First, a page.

Certificate Of Acceptance


Have you recently completed building work without the necessary consent and received a notice from Auckland Council? Let us assist you in obtaining a Certificate of Acceptance (COA), ensuring your building work complies as closely as possible with the NZ Building Code.

We’ve successfully helped many homeowners obtain their COA, even those received a notice to Fix from Auckland Council. 

Feel free to contact us for a friendly and non-judgmental conversation.

When Do You Require A Certificate Of Acceptance? 

There are several situations where you might need a Certificate of Acceptance. Perhaps you bought a house with modifications done by the previous owner without the necessary consent. Or maybe there were emergency repairs, like fixing damage from a landslip, to ensure the home’s safety.

Certificate Of Acceptance

Under The Building Act 2004, a Certificate of Acceptance is required in the following situations:

  • When urgent work was essential to safeguard lives or property, and obtaining a building consent beforehand was not feasible. In such cases, the property owner must apply for the COA as soon as possible afterward.
  • If a building consent authority, other than a territorial or regional authority, granted the building consent but cannot issue a Code Compliance Certificate for the work, a COA can resolve these compliance gaps.
  • When the construction work began or was consented to before March 31, 2005, and it involves public premises.
  • Other common issues that require a COA include converting laundries into bathrooms, garages into living spaces, enclosing verandas, or altering the layout of homes on cross lease titles.

Let Veron Building Consultants In Auckland examine your building concerns to determine if a COA is suitable for you.

Risks of Not Obtaining a COA Certificate

Failing to secure a Certificate of Acceptance when required puts you at odds with the Building Act. It is illegal to commence any building work that needs consent without first obtaining it. Violating this law can result in hefty fines, up to $200,000 initially, with an additional $10,000 fine for each day the violation continues.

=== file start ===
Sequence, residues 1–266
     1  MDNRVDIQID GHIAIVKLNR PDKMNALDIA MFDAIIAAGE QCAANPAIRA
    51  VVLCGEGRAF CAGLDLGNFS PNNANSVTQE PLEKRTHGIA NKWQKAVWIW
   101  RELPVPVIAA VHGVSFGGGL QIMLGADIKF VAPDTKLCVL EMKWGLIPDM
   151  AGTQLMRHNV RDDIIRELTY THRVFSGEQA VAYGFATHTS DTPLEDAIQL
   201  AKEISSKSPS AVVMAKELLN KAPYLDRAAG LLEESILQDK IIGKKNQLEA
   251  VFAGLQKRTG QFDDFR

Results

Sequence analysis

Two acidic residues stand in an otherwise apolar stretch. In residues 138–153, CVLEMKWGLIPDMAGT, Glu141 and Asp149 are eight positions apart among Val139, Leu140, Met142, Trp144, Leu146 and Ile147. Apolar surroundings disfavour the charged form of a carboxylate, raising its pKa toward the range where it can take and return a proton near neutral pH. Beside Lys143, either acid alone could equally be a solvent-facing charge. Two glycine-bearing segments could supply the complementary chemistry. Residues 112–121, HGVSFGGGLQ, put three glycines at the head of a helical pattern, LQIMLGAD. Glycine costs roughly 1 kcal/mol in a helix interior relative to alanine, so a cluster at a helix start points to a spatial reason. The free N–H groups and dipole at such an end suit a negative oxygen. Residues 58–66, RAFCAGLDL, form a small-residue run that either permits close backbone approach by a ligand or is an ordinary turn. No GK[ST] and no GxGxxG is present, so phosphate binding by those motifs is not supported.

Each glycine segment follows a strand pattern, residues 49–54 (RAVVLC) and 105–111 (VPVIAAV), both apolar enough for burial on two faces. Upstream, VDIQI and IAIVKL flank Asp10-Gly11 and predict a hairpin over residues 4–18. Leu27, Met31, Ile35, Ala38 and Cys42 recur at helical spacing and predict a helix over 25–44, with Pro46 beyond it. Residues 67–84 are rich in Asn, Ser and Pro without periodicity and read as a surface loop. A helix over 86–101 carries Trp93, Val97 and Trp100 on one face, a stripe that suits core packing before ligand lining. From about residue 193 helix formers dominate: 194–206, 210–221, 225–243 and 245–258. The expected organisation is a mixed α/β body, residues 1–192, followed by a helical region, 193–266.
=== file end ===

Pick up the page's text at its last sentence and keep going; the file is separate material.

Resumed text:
A COA is only issued if the Auckland Council is convinced that the work adheres to the Building Code and was completed after July 1, 1992. If your building work does not qualify for a COA, you might have to dismantle the unauthorised work and seek a building consent to either restore it or bring it up to the current building standards.

Get A COA Certificate Auckland

Obtain your Certificate of Acceptance (COA) in Auckland effortlessly with Veron Building Consultants. We specialise in navigating the legal intricacies of acquiring a COA, ensuring a stress-free experience for you. Our role is to manage the entire process, requiring only the essential documents or evidence from you for the application submission.

We possess extensive experience in legal dispute resolution. Our team carefully analyses each case to fully understand the complexities involved and collaborates with local councils to secure COAs for our clients. We always strive to resolve legal issues efficiently, avoiding unnecessary expenses.

We also provide construction project management & contract admin services to ensure your properties obtain the required building consents from the beginning, eliminating the need for a Certificate of Acceptance (COA) application later on.

What Documents Are Required for COA?

To obtain a Certificate of Acceptance (COA) in New Zealand, several types of documentation are typically required. The exact requirements can vary depending on the specific circumstances and the local council, but generally, the following documents are needed:

  • A completed COA application form provided by the local council.
  • Documents such as a Certificate of Title or a Sale and Purchase Agreement to prove ownership of the property.
  • A comprehensive description of the building work carried out, including plans, specifications, and any alterations or additions made to the property.
  • Evidence of work done. This might include photographs, receipts, contracts, and any correspondence with contractors or consultants involved in the work.
  • Any relevant reports, such as building, plumbing, or electrical work assessments, geotechnical reports, or weathertightness reports that detail the condition and compliance of the work done.
  • Evidence that the work complies with the Building Code, such as producer statements or certificates from qualified professionals who carried out or supervised the work.
  • Detailed plans and drawings of the completed work, showing how it complies with the Building Code, especially if changes were made to the original plans.

Expected Timeline for COA Certificate Issuance

The process for applying for a COA often involves a detailed review by the council to ensure that the unconsented work meets the current building standards and regulations. The time it takes can vary depending on the complexity of the building work. Councils are required by law to make a decision on COA applications within 20 working days of receiving all the necessary information.

However, if additional information or clarification is needed, or if the application involves complex building issues, the process can take longer. It's important to provide comprehensive and accurate documentation to minimise delays.

Veron Building Consultants will maintain regular communication with the Auckland Council to track the progress and promptly address any requests for additional information or documentation.


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